So Solly does okay for himself. Cute, cheerful dogs do not suffer socially for being slightly porky. I don’t worry about him.
I worry about the kids I might have someday. And god help me, for all my fat-positivity and all my fuck-you-ness, I worry about coping with the nonstop judgment passed on parents of fat children. My better half and I were, weirdly enough, both scrawny children who couldn’t gain weight if we tried. In both cases, adulthood totally solved that problem–meaning, if we have fat children (not at all unlikely, given the rest of the genes in our pool), we will be fat people with fat children. Meaning, a lot of people will look at us and think–without knowing anything about our eating or exercise habits or the aforementioned gene pool–“Ugh, those children should be taken away from them,” and “Look what they’re teaching those poor kids,” and “People like that shouldn’t be allowed to breed.” Many won’t stop at thinking those things, either; they’ll say them out loud.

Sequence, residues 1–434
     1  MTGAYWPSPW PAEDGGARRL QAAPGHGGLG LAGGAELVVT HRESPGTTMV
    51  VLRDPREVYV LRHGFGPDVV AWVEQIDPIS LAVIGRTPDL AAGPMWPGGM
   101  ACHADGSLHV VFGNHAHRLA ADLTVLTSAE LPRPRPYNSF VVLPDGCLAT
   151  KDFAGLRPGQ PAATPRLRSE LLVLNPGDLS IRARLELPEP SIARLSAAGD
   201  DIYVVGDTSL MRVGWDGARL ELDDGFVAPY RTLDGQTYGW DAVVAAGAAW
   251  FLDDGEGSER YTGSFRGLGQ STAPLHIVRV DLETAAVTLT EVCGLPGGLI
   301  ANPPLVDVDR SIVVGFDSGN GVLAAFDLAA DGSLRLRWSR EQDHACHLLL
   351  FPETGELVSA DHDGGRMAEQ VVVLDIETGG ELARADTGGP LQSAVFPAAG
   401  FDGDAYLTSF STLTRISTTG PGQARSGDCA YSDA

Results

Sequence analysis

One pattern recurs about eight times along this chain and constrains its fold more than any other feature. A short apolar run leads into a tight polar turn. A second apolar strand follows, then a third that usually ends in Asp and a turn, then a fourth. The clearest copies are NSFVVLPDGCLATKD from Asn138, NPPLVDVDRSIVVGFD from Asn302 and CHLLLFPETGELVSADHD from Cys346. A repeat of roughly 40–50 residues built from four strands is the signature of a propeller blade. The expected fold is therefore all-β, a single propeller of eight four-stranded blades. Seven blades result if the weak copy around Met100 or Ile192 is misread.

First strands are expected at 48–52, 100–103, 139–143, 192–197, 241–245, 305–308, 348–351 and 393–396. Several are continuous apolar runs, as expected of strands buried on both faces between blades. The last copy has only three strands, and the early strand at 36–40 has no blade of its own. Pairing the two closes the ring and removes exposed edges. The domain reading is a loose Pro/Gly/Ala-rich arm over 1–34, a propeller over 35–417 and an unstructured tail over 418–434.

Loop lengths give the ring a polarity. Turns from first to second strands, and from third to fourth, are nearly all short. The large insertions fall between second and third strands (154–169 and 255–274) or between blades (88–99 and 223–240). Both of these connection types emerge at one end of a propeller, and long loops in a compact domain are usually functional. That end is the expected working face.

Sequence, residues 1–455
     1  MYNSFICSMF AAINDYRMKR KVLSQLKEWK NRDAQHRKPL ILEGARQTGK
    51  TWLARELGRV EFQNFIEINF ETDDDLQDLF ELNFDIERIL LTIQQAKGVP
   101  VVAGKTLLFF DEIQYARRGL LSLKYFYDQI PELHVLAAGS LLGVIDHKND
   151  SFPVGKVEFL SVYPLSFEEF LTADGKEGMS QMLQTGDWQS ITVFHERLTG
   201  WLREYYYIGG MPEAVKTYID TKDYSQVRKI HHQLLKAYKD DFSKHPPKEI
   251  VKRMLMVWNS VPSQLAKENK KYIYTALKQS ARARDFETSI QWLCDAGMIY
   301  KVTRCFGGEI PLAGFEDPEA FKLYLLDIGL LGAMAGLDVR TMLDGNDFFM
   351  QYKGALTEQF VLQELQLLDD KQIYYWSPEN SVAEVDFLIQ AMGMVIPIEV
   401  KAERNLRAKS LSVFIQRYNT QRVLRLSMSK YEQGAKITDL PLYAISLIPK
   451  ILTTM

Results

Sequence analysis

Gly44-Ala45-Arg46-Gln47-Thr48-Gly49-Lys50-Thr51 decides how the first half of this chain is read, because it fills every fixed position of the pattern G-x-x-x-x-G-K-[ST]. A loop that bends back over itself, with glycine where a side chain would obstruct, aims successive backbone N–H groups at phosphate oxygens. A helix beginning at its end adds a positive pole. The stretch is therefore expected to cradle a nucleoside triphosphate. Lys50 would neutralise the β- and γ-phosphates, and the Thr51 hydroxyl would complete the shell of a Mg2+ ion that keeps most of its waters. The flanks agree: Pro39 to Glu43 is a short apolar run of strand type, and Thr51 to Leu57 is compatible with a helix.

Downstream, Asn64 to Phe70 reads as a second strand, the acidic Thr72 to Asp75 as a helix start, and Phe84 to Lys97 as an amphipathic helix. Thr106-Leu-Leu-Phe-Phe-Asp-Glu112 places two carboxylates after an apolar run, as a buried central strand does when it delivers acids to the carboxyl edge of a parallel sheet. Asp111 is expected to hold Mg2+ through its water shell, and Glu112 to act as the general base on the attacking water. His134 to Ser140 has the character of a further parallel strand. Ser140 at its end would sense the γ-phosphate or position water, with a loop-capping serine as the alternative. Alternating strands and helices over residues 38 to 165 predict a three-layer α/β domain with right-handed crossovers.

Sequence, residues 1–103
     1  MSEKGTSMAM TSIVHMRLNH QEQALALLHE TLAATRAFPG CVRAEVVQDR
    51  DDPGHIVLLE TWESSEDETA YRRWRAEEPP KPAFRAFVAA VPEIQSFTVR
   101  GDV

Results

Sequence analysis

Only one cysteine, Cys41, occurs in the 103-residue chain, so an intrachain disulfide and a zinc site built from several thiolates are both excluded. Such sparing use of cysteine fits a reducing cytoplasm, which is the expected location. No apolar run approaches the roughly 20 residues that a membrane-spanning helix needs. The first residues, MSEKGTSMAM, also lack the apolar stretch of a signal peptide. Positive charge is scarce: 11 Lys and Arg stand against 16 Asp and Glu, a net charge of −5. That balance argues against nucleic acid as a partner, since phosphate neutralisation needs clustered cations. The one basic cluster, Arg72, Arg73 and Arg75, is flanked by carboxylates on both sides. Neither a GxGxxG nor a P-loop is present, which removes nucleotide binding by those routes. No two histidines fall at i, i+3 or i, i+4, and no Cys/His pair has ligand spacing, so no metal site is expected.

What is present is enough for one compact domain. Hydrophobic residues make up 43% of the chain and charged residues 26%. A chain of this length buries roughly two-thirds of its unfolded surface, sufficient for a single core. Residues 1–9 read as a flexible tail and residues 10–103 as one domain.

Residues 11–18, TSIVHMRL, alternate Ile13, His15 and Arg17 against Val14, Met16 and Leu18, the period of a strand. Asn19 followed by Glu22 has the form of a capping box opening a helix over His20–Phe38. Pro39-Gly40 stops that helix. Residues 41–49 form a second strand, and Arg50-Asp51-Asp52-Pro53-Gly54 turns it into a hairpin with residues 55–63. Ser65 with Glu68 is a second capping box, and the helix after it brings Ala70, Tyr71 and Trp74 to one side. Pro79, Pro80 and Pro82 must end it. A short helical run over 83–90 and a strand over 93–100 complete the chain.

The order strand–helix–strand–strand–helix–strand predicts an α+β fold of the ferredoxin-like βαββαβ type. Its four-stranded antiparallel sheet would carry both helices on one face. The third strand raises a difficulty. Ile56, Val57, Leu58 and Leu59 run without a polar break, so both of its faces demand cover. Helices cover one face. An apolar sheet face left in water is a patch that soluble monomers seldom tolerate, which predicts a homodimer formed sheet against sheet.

I have no idea how I would handle that, especially since I was–miraculously, in the context of my family–spared the agony of being a fat child myself. I had about ten and a half blissful years of feeling like my body was just fine the way it was. That’s not many, out of 32, but it’s something–now, when I have moments of really being in my body and happy with it, like during my yoga practice, it feels as though I’m going back to the beginning, returning to my natural state; my memory has an anchor for that feeling. But for a fat kid in this culture, the natural state is shame and self-loathing. How does that kid, when she becomes an adult, even begin to conceptualize being in her body and happy with it?